We did miss out on some things we like. The kids go through grapes like locusts on a summer crop field, and we largely cut those off the shopping list since they almost always come in plastic bags, unless we could find them in paperboard punnets (which we did a couple of times).
We all love tofu in our house, and we use it regularly. Happily, we were able to find this one at the Soap Dispensary, and unlike the cheese, it’s dirt cheap to buy in blocks. So we have a glass container in our fridge now that houses our tofu.

Squeezing homemade nutmilk through a cheesecloth.
Good for hand strength training, with tasty results. 
Any meat that we did buy, we either got sliced into a container that we brought to a deli counter (lunch meat for sandwiches), or we went to a butcher (a little pricier, but local, and they wrap it in paper or seem happy to put it right into our provided containers).

If we were out and about and wanted a cup of coffee, our rule was: didn’t bring a travel mug? Don’t buy the coffee, unless you don’t get a lid (but we’re even feeling guilty about single-use paper cups now, so we just stopped buying coffees to-go altogether unless we had our mugs!). Also asking for no straws on the few occasions we went to restaurants was a new habit that we fully intend to keep going on (good timing, since Vancouver intends to ban single-use plastic straws).

Outside of the grocery shopping, we also tried to keep any other new plastic from coming into the house, so we cut down on the number of material goods this past month as well.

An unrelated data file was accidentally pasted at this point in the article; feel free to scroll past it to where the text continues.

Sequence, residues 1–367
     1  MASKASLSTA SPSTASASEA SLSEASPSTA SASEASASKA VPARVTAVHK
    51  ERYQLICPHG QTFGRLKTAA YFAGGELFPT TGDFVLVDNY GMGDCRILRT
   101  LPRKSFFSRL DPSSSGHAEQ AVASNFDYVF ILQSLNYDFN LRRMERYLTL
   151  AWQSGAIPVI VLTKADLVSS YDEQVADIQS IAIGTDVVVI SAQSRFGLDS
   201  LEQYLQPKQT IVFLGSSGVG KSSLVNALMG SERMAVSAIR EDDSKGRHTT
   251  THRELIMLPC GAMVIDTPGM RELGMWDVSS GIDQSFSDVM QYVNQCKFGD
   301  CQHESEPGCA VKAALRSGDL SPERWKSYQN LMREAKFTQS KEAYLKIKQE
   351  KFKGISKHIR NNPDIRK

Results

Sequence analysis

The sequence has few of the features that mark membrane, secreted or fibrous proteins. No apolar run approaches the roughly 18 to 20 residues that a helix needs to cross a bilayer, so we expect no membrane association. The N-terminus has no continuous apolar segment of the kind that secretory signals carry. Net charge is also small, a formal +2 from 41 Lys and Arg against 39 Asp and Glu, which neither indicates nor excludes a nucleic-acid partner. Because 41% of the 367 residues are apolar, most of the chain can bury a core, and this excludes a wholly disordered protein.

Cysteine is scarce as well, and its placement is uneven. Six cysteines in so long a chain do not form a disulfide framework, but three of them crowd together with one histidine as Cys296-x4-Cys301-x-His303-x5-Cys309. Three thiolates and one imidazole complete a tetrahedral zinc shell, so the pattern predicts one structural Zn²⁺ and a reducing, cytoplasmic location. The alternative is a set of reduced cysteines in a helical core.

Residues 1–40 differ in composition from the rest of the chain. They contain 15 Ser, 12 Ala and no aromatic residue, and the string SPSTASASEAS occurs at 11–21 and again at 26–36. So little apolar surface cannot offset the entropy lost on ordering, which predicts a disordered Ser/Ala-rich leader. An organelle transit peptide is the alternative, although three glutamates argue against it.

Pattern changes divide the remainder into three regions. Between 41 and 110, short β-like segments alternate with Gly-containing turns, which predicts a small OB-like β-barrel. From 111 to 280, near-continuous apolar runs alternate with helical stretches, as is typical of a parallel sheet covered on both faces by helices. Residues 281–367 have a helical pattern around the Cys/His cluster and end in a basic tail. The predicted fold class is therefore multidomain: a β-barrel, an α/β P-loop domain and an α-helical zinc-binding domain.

All in all, it has been a good experiment, and in many—if not most—areas, we will continue our newly adopted habits. Kate said she felt weird when a piece of cheese came into the house with plastic. Me too. The kids as well (our daughter refused to eat cheese strings that were in the fridge, for the whole month, because they had plastic around them), seem on board with the plan. 

There are other positive spin-off effects where we were trying to cut out the plastic, but still wanted a product normally swaddled in a bag. SO much bread in the store is wrapped in plastic. But making a loaf at home takes almost no effort and only costs a few cents to produce a loaf. So guess what? Homemade bread, all day every day. It’s FREAKIN’ DELICIOUS.

We also tried making homemade Almond milk, which has a very simple recipe of:  Nuts +water + cheesecloth + blender = expensive, but delicious, and plastic-free.

HI! I'm homemade bread! I'm cheap, fast, and tasty.
Click this caption for a no-knead bread recipe! 
The biggest impact became obvious in our trash can and recycling bin. We only needed to take out the garbage every few weeks, and even then, almost none of it was plastic. Our recycling “blue box” is almost empty now when I take it to the curb each week.

EMPTY IS THE NEW FULL: a tin can, a plastic drink lid 
from off the sidewalk, and a few milk containers. Just a month 

ago, our blue bin looked just like our neighbour's 
(note: not trying to make our neighbours look bad!) 

Listen, I get it. This is the impact of one family of four. And it’s predicted that by 2050, if things don’t change on a much larger scale, then there will be more plastic in our oceans than there are fish. Nevermind the fact that we’re already reaping what we sow anyway, with microplastics hiding in our water and food supplies and we’re eating it all the time. Just Google ‘how much microplastic do we consume’, and be horrified at how much potentially goes into your system every day.

So how much impact will the change in our one household make? Almost none.

We already drive a hybrid, bike most places (including to get all the groceries in these pictures!), hang out the laundry instead of using a dryer, etc. And we're glad we are able to do these things, but we know there's more we can do, and without others doing it too, not much is going to change. 

Part of the challenge: remembering to
take containers with you for every trip! 


Will you make some changes yourself, then, and join in? Because, as it turns out, it’s not actually all that hard.


June 8th is World Oceans Day. and the focus of this year's event is plastic pollution. Read more about what you can do to help! 




Lots of food. hardly any plastic.
Not that hard.